Gez Smith clarifies his points on free food people don’t just ply you with food, they try to drown you with leaflets as well. The BBC seem to be rubbing it in with their captions, on Gez’s diary it says “He parties, so you don’t have to.” He also observes, “Why are journalists always so interested in the bar?” It’s one of those eternal questions isn’t it.
Vivienne goes on to show that there are fringes and training sessions on practical subjects, including one on stress management, which must unfortunately be a key skill for anyone these days, let alone those involved in politics.
Conference ends today with a speech from Charles Kennedy today, and then people will be making their way home. I’m sure I’ll hear all about what went on later on.
Possibly on Saturday. I have decided to visit Hartlepool at the weekend. Won’t be staying over for a couple of reasons, firstly the Explorers are entering the Six Dales on Sunday, and secondly due to the proximity of the Great North Run and by-election day all the hotel rooms are likely to be booked up. Needless to say, if any local readers want a lift…
Speaking of Hartlepool, Comical Tommy has a new entry.
Everyone seems to be having a busy time at conference, so much so that the bloggers down there aren’t making many entries. Those that have managed to find their way to a computer are saying the time is flying by. Others seem to be admitting to having so much fun, they’re burning the candle at both ends. According to Gez Smith on his BBC diary there is lots of freebie food and drink to be had to offset the cost of entry and accommodation. He does seem to have a lot to say about the freebies.
We seem to have some people rattled. Both the Mirror (as read by Steve Guy) and the Sun came out against us yesterday for opposing reasons. The Sun, in a bizarre nonsensical piece of polemic, reckoning we are too left wing and that we are going to wreck the economy, and the Mirror claiming we are just Tories in disguise. But perhaps it’s no bad thing, as both start from the assumption that we are a major political party and worth bothering with. According to Charles Kennedy, “The Sun attack alongside the Mirror attack, where one thinks we are ludicrously right wing and the other ludicrously left wing, show we are probably getting it about right.”
Yesterday’s agenda was all about the Environment, and Welfare, continuing our position of being the most environmentally aware of the three main parties with a carrot and stick approach to environmental taxation, and transportation measures including the building of a new North-South high speed rail link. The issue of the rights of Ghurkha soldiers was discussed with, (according to Martyn Hencher) a Ghurha speaking really passionatly about his situation.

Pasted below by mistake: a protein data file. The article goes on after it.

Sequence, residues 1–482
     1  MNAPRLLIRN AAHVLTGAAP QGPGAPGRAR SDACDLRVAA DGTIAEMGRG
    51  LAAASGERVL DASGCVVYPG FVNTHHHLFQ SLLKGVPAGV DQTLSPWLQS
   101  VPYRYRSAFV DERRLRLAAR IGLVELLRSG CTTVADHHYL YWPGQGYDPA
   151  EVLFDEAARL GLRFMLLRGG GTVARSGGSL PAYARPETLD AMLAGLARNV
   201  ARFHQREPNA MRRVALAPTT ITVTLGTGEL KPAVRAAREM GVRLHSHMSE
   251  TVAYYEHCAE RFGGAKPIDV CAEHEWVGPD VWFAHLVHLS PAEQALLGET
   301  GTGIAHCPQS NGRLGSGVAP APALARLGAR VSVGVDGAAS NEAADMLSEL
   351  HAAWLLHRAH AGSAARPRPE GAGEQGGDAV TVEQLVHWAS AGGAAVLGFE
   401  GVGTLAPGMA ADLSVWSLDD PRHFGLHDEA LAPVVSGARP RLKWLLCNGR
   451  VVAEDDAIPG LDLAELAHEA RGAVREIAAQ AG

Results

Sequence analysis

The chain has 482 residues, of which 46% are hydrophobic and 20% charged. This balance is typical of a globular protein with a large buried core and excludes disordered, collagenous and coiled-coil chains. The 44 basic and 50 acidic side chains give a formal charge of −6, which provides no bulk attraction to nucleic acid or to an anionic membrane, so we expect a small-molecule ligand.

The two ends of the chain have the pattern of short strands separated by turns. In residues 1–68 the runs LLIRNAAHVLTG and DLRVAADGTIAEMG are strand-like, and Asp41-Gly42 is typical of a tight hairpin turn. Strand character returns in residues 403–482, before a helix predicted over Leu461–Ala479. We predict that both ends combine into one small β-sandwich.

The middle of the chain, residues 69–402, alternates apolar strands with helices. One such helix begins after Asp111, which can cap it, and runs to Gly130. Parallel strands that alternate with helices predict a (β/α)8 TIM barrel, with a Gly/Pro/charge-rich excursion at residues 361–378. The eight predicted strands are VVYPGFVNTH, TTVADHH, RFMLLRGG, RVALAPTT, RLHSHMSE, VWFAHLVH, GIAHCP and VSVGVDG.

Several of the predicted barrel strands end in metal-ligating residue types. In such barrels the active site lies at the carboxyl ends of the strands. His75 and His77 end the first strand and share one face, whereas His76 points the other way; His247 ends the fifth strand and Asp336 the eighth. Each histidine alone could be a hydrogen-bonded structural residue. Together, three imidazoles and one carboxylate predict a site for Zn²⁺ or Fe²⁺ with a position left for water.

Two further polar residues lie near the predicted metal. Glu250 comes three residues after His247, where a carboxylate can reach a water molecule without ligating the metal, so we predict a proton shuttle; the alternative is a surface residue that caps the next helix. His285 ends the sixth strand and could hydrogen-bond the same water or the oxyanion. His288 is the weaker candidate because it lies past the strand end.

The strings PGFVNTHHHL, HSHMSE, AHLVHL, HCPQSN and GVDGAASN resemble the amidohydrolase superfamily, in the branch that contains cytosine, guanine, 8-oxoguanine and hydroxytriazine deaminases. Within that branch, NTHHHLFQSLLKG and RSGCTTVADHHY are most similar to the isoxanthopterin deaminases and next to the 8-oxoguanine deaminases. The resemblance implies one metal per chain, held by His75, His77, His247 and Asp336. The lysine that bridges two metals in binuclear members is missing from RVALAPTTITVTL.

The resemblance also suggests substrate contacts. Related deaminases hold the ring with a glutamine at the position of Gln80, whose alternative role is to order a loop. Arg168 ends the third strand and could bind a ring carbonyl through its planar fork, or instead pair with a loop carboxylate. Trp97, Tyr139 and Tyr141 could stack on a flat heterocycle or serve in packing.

Today’s main issues are Law and Order, Health, and Pensions. Mark Oaten, was on the Today programme promoting tough Liberalism, which is really just saying the inelegant and liberal options to punishing offenders. Instead of mindlessly locking people up, community panels will have the power to issue constructive punishments that fit the crime, say hard graft replanting trees for vandals that wreck parks, rather than putting their feet up in a cell. Other policies up for debate include the draft manifesto pledges of free healthcare for the elderly and improved pensions for the over 75s.
The Today Programme keeps mentioning The Orange Book, claiming everyone is talking about it, however I havn’t seen or heard any evidence to support that claim beyond BBC Radio 4.
The feeling I get from the news, and from what I do hear from my friends and fellow bloggers down there, is that everyone is really upbeat.
After a 7 month delay due to legal reasons, Radio 4 are broadcasting a new series of The Hitch Hikers Guide to the Galaxy based on the third book “Life, The Universe and Everything.” Make a note, tonight, 6:30pm, listen to Radio 4.
Just have to remember to tune in. But if you miss it there’s always the Thursday late night repeat.
During last weeks Jeremy Hardy Speaks to the Nation he made the comment:
“If you just took everyone from the BNP and everyone who votes for them and shot them in the back of the head, there would be a brighter future for us all.”
Now members of the BNP are complaining that Jeremy and the BBC are guilty incitement to murder, even going as far as describing it as advocating genocide. Er no guys it was satire. The BNP are in no way an ethnic, cultural or socio-economic group so the genocide claim is fairly far-fetched as well. The suggestion that the programme is seriously encouraging criminal activity is, quite frankly, ludicrous.
So far there has been no evidence that anyone has taken the BNP’s complaint seriously.
Click on this link before Thursday to hear the “offensive” remark in context.